March 8 – Comedy & Animation

In 2010 USC became the first university in the nation to offer a program dedicated to training filmmakers in the art of comedy. USC Comedy at the School of Cinematic Arts offers instruction in the writing, directing, production as well as the history and theory of comedy. Students work with a distinguished, award-winning faculty of comedy professionals to discover and develop their comedic voices, while getting unrivaled access to the field through workshops, internships, demonstrations and screenings and festivals.

USC Comedy boasts an award-winning faculty that includes Jack Epps Jr. (The Secret of My Success, Legal Eagles, Top Gun) Barnet Kellman (Murphy Brown , Mad About You, George Lopez) David Isaacs (Cheers, Frasier, M*A*S*H*), Bill Prady (The Big Bang Theory) John Bowman (Saturday Night Live, In Living Color), Dave Goetch (The Big Bang Theory), Russ Woody (Drew Carrey), Mary Lou Belli (Girlfriends), Tim Marx (Baby Daddy) to name just a few.

Our students benefit from the expertise and participation of SCA Comedy Alumni such as Jay Roach (Austin Powers, Meet the Parents), Paul Feig (Bridesmaids, Spy), Peter Segal (Tommy Boy, Get Smart), Tim Story (Barber Shop, Ride Along), Gabe Sachs (Freaks and Geeks), Jason Reitman (Juno, Up in the Air), and Nahnatchka Khan (Fresh Off The Boat) among many other luminaries and industry professionals.

4E5D5BC6_9684_CD2A_A68BDD1AE95D12D0_originalJack Epps, Jr.

Chair, Writing for Screen & Television
Professor of Cinematic Arts, John Wells Division of Writing for Screen & Television


Jack Epps, Jr. is an award winning writer and filmmaker who first became involved in making films while an undergraduate at Michigan State University. Inspired by a student film festival, Epps made his first film the following semester and has been making movies ever since. His student film The Pigs vs the Freaks, was purchased by NBC and made into a Movie of the Week, re-titled Off Sides. Epps produced and worked as second unit director on the film.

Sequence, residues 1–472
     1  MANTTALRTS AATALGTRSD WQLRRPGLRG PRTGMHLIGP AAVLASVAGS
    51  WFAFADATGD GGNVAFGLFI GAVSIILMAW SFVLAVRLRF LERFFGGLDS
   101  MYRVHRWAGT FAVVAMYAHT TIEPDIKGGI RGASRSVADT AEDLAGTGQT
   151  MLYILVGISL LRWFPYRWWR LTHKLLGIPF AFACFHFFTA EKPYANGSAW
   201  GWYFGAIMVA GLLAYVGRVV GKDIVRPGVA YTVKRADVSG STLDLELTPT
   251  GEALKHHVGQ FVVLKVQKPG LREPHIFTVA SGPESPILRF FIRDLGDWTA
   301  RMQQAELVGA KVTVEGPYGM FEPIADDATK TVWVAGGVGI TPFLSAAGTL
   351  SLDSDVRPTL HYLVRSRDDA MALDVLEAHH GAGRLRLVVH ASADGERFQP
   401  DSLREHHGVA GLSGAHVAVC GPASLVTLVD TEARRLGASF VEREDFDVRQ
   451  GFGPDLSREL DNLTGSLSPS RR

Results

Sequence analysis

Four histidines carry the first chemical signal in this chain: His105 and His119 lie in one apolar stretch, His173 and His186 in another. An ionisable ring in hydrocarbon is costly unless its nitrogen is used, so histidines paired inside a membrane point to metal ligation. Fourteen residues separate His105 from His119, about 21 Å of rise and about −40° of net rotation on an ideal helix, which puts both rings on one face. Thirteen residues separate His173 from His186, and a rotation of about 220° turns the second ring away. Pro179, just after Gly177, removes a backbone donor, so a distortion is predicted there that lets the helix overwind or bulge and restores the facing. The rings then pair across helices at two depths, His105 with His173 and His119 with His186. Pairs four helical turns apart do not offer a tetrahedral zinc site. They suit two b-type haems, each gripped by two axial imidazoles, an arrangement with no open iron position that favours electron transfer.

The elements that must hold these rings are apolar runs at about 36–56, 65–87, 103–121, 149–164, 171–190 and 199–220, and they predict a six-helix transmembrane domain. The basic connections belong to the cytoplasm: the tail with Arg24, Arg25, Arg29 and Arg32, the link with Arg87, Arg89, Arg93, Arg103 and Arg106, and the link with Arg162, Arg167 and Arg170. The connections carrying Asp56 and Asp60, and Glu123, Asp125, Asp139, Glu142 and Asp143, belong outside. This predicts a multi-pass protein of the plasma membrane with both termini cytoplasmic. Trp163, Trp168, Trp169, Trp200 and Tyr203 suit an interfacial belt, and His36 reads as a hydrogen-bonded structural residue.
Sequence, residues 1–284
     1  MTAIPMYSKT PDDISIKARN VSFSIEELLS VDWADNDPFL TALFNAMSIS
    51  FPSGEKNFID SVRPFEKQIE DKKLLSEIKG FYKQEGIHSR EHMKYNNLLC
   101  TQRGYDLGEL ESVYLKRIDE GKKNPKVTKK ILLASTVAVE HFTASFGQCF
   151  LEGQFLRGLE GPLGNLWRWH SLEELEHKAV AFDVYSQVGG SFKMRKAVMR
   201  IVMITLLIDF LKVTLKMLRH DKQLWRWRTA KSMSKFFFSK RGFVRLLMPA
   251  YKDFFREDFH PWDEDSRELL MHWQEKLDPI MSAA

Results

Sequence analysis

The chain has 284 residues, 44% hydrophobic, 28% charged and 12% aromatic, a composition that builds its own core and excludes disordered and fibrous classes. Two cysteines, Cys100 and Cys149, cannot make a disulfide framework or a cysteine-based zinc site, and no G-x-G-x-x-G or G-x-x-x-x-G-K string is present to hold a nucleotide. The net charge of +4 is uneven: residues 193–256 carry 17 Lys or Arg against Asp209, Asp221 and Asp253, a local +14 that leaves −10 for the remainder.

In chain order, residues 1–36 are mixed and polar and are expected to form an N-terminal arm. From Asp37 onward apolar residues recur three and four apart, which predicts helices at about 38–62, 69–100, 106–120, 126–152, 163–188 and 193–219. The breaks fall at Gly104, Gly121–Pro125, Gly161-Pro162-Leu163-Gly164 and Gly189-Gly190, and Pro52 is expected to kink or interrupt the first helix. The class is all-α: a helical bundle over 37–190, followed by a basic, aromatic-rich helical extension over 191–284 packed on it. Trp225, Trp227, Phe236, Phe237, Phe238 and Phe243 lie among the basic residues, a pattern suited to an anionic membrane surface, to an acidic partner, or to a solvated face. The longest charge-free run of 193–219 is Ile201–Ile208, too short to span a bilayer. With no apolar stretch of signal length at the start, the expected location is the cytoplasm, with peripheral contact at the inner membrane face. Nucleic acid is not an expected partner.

Upon arriving in California, Epps wrote an episode of Hawaii Five-O and Kojak. While continuing to pursue his writing, Epps also worked as a cinematographer and an assistant cameraman on various local productions. Epps had the good fortune to work for a period of time as a second unit cameraman and assistant cameraman for Orson Welles on Mr. Welles’ last film, The Other Side of the Wind.

Epps united with his screenwriting professor from Michigan State University, Jim Cash, and began writing screenplays together. After writing seven unproduced screenplays, their first produced screenplay was Top Gun which went on to become the #1 world wide box office hit in 1986. Within eleven months, the writing team of Cash & Epps had three produced screenplays in the theaters: Top Gun, Legal Eagles, and The Secret of My Success. As a screenwriter, Mr. Epps co-authored over 25 screenplays and eight produced motion pictures including Dick Tracy, Turner & Hooch, and Anaconda. Epps also did extensive revisions on Sister Act and Die Hard III.

While Epps is primarily known for co-authoring big actions movies, Epps equally enjoyed writing romantic charm and chase comedies inspired by the films of Hitchcock, Wilder and Sturges. Films like The Secret of My Success, Legal Eagles, Turner & Hooch, Viva Rock Vegas, and Sister Act are examples of the comedy of Cash & Epps. Recently, Epps wrote the video game Top Gun for the Sony PlayStation network. Epps has also written video games for THQ.

Epps had the pleasure to write for some of the most successful actors in the motion picture industry including Robert Redford, Tom Cruise, Tom Hanks, Warren Beatty, Michael J. Fox, Debra Winger, Al Pacino, Anthony Edwards, Bruce Willis, Meg Ryan, and John Voight. He also worked with such motion picture giants as Ivan Reitman, Jerry Breckheimer, Joel Silver, Herb Ross, Tony Scott and Dick Donner.